Frustration among current team members is perhaps one of the worst effects of a bad hire. Constantly having to help new hires, pick up the slack when the new hire fails, or contend with a “checked out” disgruntled employee when they under-perform is an immediate turnoff to top talent. The last thing any organization wants to do is drive away top-performers.
There are three approaches one can take to identify and release the bad hires and dissatisfied employees.
• Create a six-month “refund” policy – After six months, the organization can offer a modest severance and good reference if the poor performing hire agrees to resign. If accepted, the employee signs away their right to sue. Some companies will allow the employee who refuses this deal to stay on for a defined period of time, up to one year. If at that time there is no improvement, the employee is released without any severance or reference.
• On-boarding – An extended on-boarding process that is highly structured is a great way to identify poor-performers. New hires should be assigned a mentor to help facilitate the training process. At the end of this initial training period, companies can take a page from Zappos and PAY under-performers to resign. Another approach used at Whole Foods is to have the team vote if the new hire is a strong enough member. This approach works best when there are team-based performance incentives.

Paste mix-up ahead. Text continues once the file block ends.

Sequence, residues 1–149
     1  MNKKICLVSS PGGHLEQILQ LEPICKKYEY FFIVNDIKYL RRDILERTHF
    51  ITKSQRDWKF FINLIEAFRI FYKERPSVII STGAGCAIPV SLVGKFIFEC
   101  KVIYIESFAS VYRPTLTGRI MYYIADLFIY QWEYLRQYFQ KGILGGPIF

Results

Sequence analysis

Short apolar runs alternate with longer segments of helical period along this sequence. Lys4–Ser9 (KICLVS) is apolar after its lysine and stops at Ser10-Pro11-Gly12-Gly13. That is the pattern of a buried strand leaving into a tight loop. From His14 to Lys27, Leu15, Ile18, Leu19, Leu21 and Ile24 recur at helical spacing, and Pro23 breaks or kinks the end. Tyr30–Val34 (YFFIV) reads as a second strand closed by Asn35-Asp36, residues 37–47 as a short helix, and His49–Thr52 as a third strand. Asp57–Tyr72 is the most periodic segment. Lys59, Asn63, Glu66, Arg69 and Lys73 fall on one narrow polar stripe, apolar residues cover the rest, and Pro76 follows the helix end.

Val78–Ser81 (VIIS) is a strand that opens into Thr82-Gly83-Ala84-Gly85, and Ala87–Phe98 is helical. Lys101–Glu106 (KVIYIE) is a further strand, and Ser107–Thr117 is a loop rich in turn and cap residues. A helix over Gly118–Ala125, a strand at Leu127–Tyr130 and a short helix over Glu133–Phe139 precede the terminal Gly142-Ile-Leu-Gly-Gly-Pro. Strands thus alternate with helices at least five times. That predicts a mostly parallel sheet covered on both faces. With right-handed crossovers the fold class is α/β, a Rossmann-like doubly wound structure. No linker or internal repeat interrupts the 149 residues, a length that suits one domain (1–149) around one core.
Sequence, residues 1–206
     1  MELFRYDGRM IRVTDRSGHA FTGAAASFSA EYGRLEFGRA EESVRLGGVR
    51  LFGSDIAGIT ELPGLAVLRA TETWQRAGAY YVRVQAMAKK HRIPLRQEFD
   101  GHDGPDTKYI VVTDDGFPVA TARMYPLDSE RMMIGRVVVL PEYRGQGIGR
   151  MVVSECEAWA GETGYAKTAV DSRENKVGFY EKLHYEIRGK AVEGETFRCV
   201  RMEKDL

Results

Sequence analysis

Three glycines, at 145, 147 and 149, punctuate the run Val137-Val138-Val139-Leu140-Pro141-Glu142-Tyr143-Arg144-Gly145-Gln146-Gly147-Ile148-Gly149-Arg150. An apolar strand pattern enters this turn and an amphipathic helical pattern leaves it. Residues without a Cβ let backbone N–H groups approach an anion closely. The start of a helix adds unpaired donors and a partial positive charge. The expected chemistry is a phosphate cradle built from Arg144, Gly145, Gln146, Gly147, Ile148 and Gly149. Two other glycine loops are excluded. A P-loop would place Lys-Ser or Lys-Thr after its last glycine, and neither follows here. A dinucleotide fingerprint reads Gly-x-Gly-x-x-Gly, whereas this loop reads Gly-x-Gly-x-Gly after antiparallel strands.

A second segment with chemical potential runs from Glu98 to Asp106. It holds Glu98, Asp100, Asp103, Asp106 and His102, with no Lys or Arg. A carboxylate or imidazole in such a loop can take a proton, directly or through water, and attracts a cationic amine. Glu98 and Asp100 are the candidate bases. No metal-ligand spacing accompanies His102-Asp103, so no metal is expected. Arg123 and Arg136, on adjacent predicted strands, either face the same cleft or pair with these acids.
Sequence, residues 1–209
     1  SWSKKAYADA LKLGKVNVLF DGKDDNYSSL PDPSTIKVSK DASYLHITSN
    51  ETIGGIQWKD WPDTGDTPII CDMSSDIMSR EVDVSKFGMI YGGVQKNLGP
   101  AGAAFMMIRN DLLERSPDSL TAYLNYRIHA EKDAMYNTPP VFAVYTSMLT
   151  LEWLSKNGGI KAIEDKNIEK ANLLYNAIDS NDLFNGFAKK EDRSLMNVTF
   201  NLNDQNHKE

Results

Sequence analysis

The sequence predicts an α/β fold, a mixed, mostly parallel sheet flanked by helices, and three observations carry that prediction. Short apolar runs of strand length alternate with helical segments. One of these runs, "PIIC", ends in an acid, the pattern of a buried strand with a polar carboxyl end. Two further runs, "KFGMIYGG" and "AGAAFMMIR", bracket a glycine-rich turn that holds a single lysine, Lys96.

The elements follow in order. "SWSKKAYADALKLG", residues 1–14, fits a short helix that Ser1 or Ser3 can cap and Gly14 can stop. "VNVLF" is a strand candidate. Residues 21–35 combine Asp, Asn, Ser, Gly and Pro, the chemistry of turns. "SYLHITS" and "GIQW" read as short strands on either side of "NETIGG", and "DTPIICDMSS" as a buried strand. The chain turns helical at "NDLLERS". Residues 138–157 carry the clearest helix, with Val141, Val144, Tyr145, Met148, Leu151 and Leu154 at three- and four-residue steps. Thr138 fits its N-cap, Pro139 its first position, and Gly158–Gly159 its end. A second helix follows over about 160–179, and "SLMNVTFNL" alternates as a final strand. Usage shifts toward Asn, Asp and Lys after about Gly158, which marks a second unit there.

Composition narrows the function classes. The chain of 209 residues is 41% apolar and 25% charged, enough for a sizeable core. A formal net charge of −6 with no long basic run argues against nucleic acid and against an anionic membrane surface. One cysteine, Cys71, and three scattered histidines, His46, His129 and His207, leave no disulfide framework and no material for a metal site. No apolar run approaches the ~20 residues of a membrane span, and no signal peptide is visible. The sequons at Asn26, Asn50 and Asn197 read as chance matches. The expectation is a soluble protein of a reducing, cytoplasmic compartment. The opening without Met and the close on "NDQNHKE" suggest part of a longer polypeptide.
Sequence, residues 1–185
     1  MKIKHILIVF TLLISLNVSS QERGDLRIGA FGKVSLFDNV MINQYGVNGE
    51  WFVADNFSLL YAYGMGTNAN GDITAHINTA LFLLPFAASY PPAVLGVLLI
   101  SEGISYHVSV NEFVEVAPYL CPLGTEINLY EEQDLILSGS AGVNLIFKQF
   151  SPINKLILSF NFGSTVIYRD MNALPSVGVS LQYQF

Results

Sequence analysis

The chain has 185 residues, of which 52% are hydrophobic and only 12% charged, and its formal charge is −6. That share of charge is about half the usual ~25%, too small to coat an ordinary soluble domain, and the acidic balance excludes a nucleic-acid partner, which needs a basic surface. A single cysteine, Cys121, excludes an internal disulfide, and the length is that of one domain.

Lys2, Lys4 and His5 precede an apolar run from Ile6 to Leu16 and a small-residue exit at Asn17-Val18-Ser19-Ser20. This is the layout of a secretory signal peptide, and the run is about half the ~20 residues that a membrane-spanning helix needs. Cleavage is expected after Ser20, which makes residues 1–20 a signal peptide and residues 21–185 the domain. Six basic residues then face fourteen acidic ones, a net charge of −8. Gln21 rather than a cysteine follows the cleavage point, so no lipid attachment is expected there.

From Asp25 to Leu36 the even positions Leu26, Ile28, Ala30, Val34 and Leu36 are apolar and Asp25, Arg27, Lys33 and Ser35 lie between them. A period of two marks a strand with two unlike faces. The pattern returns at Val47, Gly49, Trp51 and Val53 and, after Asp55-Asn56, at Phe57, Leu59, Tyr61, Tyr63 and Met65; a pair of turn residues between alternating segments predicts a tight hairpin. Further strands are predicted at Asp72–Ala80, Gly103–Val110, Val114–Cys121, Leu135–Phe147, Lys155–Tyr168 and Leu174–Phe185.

• Encourage dissatisfied employees to move on – Dissatisfied employees can be just as harmful to an organization as a bad hire. In fact, they can convert a good hire into a bad hire. Negativity, absenteeism, or general “checking out” on their work is something that needs to be addressed quickly. It IS in the best interest of the organization to encourage the employee to move on, even if they are performing well.
There is no such thing as a perfect hiring process. Sometimes candidates are misjudged during the interview process. Making certain that reference checks are performed to help detect possible issues is one of the best preventative measures. In the end, despite some of the best plans and preparation, bad hires still happen. Having a process to work with them will mean the difference between a learning opportunity and having a poor-performer in the organization for an extended period of time.